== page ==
U.S. Department of Justice Agreement with Rider University

This case sets precedents for the rights of students with food allergies and celiac disease in a higher education setting.

In February 2019, the United States Department of Justice (DOJ) reached a settlement with Rider University (Rider) under the Americans with Disabilities Act (ADA).  The DOJ determined that Rider failed to comply with Title III of the ADA in several ways, including that it “did not provide adequate information on its website for students seeking to obtain reasonable modification...; has improperly delegated responsibility for accommodating students with [food-related] disabilities to a food service provider; and in certain instances Rider does not readily offer exemptions from its meal plans for students seeking exemption due to a food allergy or food-related disability.”

“The ADA defines ‘disability’ to include any physical or mental impairment that substantially limits one or more major life activities, such as eating, or a major bodily function, including the digestive system” according to the settlement.

The terms of the Rider University settlement are consistent with those reached in the 2012 Lesley University settlement, and require the university to implement a variety of changes:

  • Identify a Student Services Disabilities (SSD) point person to register students, document individualized plans, and ensure requests are addressed in as integrated a setting as possible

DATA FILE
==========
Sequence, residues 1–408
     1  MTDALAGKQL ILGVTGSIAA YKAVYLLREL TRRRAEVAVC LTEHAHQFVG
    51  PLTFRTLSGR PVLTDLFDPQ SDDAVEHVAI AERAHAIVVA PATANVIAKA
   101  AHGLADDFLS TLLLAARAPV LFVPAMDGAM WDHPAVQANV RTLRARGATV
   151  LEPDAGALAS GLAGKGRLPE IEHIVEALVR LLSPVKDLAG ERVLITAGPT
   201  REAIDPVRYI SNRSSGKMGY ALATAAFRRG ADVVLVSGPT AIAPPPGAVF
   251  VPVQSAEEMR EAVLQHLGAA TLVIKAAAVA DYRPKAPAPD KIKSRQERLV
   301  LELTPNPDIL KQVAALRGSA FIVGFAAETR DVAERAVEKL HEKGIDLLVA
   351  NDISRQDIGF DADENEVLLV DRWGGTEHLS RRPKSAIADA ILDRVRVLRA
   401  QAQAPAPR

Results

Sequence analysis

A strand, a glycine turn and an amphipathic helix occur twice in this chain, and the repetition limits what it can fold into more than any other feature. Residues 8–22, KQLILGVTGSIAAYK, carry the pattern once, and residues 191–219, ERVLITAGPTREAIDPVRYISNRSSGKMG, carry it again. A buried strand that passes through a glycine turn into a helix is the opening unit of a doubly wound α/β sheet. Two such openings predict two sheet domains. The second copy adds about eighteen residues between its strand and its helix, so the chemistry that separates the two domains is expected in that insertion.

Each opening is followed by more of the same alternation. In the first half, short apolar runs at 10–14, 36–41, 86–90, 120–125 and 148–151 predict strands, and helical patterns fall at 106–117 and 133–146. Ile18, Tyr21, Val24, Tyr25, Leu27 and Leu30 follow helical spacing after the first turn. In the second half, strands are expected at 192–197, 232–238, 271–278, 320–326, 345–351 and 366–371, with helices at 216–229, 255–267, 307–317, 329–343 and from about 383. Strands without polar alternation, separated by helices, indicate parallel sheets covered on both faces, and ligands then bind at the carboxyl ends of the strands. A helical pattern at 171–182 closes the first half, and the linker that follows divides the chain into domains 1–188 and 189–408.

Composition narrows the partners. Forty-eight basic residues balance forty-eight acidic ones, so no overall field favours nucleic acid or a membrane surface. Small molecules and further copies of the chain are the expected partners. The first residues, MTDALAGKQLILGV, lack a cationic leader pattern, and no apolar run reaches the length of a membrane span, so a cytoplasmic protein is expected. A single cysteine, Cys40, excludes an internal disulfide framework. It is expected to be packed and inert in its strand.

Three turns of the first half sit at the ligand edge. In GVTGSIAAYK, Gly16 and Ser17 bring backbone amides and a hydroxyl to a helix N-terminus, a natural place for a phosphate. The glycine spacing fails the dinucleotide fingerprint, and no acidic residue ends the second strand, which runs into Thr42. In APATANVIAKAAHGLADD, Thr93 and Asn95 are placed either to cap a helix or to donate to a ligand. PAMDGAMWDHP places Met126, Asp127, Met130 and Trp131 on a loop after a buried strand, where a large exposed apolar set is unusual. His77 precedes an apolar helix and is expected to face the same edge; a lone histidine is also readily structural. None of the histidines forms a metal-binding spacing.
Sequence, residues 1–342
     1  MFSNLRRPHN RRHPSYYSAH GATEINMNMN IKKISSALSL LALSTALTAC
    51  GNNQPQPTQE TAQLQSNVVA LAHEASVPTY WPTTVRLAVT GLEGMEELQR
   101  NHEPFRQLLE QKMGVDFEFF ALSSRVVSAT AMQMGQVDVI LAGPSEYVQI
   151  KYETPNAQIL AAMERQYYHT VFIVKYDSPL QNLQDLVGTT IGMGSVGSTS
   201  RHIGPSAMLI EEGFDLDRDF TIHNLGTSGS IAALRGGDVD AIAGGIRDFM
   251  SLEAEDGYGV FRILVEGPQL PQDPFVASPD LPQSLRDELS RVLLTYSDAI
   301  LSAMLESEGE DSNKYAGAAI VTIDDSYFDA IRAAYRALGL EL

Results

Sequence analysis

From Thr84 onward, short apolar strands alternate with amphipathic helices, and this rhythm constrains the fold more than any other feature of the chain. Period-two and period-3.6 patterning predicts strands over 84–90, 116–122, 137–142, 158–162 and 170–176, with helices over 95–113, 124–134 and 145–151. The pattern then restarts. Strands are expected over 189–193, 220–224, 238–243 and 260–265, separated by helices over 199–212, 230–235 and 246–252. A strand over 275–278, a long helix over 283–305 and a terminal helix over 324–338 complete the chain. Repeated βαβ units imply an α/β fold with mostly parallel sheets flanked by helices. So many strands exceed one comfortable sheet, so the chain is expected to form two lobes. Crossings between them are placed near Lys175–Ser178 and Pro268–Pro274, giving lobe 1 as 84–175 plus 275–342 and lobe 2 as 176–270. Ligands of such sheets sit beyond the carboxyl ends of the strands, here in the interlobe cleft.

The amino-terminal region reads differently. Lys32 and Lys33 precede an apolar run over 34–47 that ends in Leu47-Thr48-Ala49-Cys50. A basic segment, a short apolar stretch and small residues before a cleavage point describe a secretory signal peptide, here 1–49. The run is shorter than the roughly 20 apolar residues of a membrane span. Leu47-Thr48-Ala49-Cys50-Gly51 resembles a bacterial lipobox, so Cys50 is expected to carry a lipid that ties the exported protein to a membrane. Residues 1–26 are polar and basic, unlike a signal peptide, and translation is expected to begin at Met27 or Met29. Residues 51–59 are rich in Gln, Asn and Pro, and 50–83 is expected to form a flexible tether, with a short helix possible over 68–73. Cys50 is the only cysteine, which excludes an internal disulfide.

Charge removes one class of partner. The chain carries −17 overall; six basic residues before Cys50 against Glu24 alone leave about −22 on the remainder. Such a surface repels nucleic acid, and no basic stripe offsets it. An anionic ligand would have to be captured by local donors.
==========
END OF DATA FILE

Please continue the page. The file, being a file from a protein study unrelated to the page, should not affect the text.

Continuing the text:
• Employ a full-time dietitian to help these students develop diets or meal plans  

  • Designate a safe food preparation area staffed by a dedicated chef and free of the top 8 allergens

  • Ensure foods that are made without allergens are labeled, nutritionally comparable, and properly prepared to reduce cross-contamination risk

  • Identify who is qualified to answer food-allergy related questions in each dining location

  • Provide an online pre-ordering service option for registered students

  • Post menus online clearly identifying allergen friendly options

  • Make food made without allergens available at all locations that accept the university’s meal plan

  • Implement a comprehensive food service training plan for all food service managers and staff

  • Train employees and contractors in Residents Life and SSD who have contact with students on their obligations under the Americans with Disabilities Act

  • Clearly communicate new policies and protocols through emails, the website, and posting on bulletin boards

FARE, in collaboration with the Association on Higher Education and Disability, the National Celiac Association and Gluten Free Friends, is reaching out to colleges and universities to help make campuses more allergy-friendly. Learn how to get started